With a roster dripping with All-Stars and ludicrous star power, there’s one guy in San Diego who put it all together last season who could be a huge key for this year’s team.
Since winning AL Rookie of the Year honors back in 2013 as a member of the Tampa Bay Rays, Wil Myers hasn’t quite lived up to expectations. A career .254 hitter, the former third-rounder especially fell flat with the Padres in 2018 and 2019, slashing a disappointing 245/.320/.430 in 833 plate appearances.
Those numbers essentially made him a league average offensive player – hardly what San Diego envisioned when they acquired him in December 2014 in the three-team deal that saw Trea Turner head to Washington.
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But in 2020, Myers looked like his old self. No, actually, he looked better than his old self. He ranked in the top seven percent of the league in barrel rate, WOBA, XWOBA and XWOBCON, posted a career-best 45.8 percent hard-hit rate and shaved nearly a full 10 percent off his strikeout rate from the year prior.
All this culminated in a .288 batting average – his highest since his rookie campaign and a .606 slugging percentage – another personal best and the fourth-highest mark in the Senior Circuit. It didn’t matter where he was playing, with Myers posting an OPS north of .900 both at and away from Petco Park.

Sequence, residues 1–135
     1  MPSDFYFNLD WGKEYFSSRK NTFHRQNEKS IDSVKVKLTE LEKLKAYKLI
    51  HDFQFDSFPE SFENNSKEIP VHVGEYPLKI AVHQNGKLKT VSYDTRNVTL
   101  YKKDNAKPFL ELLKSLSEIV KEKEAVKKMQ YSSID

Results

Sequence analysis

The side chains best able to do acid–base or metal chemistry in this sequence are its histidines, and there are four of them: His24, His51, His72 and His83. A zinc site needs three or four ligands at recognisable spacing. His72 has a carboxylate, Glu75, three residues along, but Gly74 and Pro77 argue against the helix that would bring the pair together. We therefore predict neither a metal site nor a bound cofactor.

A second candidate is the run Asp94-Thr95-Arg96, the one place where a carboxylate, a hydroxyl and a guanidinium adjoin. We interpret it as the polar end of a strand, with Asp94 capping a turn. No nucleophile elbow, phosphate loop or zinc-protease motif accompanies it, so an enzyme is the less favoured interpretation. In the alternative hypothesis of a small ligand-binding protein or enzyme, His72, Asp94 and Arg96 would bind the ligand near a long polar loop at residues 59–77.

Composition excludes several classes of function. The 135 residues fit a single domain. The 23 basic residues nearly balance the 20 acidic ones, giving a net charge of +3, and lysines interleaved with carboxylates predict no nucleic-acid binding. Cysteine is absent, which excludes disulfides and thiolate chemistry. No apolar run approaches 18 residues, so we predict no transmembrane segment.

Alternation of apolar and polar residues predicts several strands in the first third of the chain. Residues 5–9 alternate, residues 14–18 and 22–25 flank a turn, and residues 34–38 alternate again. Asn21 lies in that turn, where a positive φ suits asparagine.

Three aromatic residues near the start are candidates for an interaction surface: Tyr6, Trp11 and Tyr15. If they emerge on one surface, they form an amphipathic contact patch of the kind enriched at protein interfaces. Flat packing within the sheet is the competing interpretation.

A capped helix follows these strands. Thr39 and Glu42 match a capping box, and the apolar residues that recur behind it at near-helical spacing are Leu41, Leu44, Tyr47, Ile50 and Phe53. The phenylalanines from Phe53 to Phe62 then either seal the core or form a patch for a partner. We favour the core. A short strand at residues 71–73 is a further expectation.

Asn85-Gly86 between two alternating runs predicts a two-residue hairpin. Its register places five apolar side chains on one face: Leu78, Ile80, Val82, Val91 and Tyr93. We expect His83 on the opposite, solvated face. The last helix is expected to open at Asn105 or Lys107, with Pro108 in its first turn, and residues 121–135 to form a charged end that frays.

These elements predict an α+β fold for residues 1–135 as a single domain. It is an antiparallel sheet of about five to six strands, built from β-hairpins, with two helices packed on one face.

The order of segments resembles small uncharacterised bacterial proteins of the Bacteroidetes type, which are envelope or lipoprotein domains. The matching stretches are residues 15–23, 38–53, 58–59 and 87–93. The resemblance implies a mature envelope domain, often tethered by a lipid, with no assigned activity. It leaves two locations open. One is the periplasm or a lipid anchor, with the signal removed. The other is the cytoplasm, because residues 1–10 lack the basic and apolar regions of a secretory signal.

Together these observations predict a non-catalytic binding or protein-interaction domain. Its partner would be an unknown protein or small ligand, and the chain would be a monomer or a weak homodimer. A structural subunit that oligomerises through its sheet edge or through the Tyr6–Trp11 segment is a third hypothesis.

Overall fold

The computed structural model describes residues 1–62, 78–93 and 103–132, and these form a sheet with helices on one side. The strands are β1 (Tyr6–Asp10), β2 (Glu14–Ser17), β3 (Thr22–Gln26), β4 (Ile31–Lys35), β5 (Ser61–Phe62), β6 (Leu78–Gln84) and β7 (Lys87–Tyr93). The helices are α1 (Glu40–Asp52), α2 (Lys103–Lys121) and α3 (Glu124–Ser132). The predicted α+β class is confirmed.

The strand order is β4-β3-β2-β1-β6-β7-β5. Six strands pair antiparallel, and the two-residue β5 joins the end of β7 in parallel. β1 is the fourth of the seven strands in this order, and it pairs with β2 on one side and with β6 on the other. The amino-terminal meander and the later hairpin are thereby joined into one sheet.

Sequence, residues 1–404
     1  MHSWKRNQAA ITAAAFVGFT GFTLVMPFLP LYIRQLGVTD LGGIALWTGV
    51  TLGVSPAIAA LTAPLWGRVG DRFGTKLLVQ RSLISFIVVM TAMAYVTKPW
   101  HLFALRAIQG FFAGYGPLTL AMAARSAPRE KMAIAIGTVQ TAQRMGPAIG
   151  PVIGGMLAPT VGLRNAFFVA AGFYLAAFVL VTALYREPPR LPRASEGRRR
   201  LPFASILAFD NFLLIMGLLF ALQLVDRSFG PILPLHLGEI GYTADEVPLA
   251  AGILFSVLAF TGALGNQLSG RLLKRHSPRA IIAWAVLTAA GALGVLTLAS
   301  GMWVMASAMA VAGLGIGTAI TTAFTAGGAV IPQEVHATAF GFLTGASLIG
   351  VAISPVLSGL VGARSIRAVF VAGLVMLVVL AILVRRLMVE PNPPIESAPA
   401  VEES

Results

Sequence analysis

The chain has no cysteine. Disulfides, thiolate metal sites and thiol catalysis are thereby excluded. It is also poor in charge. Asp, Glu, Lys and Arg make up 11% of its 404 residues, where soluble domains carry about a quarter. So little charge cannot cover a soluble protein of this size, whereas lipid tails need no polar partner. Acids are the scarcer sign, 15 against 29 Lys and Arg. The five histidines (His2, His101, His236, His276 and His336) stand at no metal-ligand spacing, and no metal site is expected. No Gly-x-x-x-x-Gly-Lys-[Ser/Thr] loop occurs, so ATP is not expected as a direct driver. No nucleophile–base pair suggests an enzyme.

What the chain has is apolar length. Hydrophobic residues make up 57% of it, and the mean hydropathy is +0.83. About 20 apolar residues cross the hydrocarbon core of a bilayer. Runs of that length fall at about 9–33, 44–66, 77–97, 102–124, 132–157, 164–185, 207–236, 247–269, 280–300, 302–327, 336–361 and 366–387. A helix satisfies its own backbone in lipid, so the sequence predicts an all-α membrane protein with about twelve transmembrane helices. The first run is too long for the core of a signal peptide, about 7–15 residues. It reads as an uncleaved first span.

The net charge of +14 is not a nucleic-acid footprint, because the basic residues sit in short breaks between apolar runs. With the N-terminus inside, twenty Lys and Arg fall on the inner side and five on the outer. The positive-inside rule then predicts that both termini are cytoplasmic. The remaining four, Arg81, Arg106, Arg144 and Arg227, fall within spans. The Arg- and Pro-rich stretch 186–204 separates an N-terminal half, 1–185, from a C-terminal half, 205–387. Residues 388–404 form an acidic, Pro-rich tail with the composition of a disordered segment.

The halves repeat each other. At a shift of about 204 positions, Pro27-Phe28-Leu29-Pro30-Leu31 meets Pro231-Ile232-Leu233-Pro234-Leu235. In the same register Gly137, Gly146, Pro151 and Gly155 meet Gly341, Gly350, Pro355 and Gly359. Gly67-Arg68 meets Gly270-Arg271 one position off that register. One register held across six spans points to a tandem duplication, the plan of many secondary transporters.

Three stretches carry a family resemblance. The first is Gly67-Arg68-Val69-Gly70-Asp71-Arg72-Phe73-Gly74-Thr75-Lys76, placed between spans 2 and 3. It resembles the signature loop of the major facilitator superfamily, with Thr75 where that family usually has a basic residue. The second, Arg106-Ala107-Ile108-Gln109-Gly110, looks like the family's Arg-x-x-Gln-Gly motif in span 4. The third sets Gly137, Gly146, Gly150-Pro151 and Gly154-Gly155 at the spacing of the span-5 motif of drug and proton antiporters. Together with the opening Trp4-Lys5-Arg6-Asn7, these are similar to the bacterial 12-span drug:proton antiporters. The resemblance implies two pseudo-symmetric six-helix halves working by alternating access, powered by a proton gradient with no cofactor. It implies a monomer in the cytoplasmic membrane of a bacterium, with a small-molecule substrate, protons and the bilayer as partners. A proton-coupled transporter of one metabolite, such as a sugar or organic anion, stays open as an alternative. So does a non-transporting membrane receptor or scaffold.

With runners in scoring position, he put up a 1.267 OPS and with men on, in general, he clocked in at 1.078. In clutch situations, this was the guy you wanted at the dish. He hit .370, slugged .926 and struck out just three times in 28 plate appearances.
Like I said. He put it all together in every sense of the phrase. But now the question becomes: can he do it again?
We know the depth of this offense. We’re talking about a minimum of two All-Stars in Fernando Tatis Jr. and Manny Machado. But it’s pretty easy to see Eric Hosmer, Myers and even someone like Tommy Pham in that conversation. And let’s not forget last year’s NL Rookie of the Year finalist Jake Cronenworth.
But when you hit opposing pitchers with a combination of Tatis Jr., Machado and Myers, you’re talking about a downright fearsome heart of the order. With guys like Jurickson Profar and Trent Grisham there to lengthen the lineup, the Padres will have the best offensive team in the league if everyone’s clicking and firing on all cylinders.
For years, Myers was looked at through the lens of playing under a contract (six years, $83 million with a team option in 2023) that he didn’t deserve. This season represents a chance to put that narrative in the ground and establish himself as the core presence the Padres have been hoping he’d be for so long.